Privacy Commissioner John Edwards has recommended to the Government that the penalty for a serious breach of personal information could be a civil penalty of up to $1 million.
A report from Mr Edwards with six recommendations for reform of the Privacy Act 1993 has been tabled in Parliament. The report, pursuant to section 26 of the Act, reviews the Act and examines developments in the five years since the last review.
Mr Edwards says his recommendation on the civil penalty will address a gap in the Act's enforcement framework. If accepted, the Privacy Commissioner would be empowered to apply to the High Court for a civil penalty of up to $100,000 in the case of an individual and up to $1 million in the case of a body corproate to be imposed where there are serious breaches.
The other recommendations in the report are:
- an update to protect against the risk that individuals can be unexpectedly identified from data that had been purportedly anonymised.
- Introducing data portability as a consumer right.
- An additional power to require an agency to demonstrate its ongoing compliance with the Act which would enable the Privacy Commissioner to proactively identify and respond to systemic issues.
- Narrowing the defences available to agencies that obstruct the Privacy Commissioner or fail to comply with a lawful requirement of the Commissioner.
- Reforming the public register principles in the Act and providing for the suppression of personal information in public registers where there is a safety risk.
Mr Edwards' report says a lot has changed since the Law Commission’s review of the Act from 2008 to 2011.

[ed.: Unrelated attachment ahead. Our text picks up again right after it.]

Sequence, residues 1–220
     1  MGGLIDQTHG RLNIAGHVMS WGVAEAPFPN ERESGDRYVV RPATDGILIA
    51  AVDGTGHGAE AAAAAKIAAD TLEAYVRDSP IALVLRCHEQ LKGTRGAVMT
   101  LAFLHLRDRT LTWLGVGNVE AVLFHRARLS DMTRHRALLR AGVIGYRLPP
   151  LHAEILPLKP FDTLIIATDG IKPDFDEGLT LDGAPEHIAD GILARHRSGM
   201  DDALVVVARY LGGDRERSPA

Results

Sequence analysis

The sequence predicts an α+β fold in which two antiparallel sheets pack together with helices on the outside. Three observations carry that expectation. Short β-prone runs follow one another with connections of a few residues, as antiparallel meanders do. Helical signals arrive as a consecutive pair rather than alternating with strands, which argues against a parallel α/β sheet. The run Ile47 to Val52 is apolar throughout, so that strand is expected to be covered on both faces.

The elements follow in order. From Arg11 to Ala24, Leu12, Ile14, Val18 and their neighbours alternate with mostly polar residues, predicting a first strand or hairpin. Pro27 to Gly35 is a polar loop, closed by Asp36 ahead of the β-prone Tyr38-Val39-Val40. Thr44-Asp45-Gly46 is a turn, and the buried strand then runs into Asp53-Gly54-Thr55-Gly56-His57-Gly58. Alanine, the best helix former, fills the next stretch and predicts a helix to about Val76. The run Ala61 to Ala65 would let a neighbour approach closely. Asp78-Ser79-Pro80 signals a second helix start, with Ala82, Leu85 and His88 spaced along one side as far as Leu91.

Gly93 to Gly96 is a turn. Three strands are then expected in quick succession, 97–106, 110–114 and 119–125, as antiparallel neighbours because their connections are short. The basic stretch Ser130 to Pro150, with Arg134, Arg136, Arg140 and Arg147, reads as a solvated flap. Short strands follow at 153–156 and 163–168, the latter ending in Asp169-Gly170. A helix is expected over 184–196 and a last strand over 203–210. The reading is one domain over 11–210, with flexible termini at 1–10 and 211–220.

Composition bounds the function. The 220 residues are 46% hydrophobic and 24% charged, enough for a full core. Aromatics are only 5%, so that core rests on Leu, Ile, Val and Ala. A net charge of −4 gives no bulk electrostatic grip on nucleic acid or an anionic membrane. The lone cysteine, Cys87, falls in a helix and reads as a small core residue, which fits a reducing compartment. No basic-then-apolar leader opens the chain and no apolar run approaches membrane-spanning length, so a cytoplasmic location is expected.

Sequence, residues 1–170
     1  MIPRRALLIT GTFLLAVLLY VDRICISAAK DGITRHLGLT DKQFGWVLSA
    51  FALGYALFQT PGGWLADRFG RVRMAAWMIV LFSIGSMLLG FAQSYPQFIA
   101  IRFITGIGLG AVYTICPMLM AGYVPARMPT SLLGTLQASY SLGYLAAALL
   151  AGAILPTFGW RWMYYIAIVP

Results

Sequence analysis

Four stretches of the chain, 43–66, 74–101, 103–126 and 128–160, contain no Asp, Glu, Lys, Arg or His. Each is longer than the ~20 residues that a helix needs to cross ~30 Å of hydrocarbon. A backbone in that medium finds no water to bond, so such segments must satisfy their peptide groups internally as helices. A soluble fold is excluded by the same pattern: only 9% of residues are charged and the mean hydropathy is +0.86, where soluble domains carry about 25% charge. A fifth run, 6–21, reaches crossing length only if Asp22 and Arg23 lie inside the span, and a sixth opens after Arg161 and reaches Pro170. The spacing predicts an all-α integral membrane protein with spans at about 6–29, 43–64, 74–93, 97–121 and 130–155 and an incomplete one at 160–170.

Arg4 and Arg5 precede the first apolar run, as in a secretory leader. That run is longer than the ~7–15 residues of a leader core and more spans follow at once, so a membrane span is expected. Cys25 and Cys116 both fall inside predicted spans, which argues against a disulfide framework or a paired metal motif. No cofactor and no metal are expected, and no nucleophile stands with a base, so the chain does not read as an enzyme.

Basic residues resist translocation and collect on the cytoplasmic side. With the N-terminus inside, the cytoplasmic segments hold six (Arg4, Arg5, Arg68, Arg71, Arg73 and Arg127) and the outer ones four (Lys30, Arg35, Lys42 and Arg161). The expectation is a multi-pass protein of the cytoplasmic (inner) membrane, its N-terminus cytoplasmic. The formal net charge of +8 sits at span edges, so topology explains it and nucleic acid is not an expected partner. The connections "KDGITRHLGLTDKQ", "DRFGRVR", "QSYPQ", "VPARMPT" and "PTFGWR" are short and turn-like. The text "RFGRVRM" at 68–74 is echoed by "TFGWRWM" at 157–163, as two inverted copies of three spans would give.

"Important developments since 2011 that impact on the operation and adequacy of the privacy legislation include developments in data science and information technology, and new business models built on data driven enterprise. These developments have highlighted the importance for both the public and private sectors to optimise trust in the digital economy," he says.
"While the Act’s principles-based privacy regulation is inherently flexible, this new environment is revealing or confirming gaps and pressure points that add to those identified or considered in previous reviews. There are also apparent gaps and weaknesses in the Act’s enforcement framework that need to be addressed if the reforms proposed are to introduce an effective and modernised form of privacy regulation."
He notes that the international context has also seen significant developments, in particular the adoption of revised privacy laws in Europe that will come into force in 2018.
"These should now be taken into account in preparing revisions to New Zealand’s privacy law."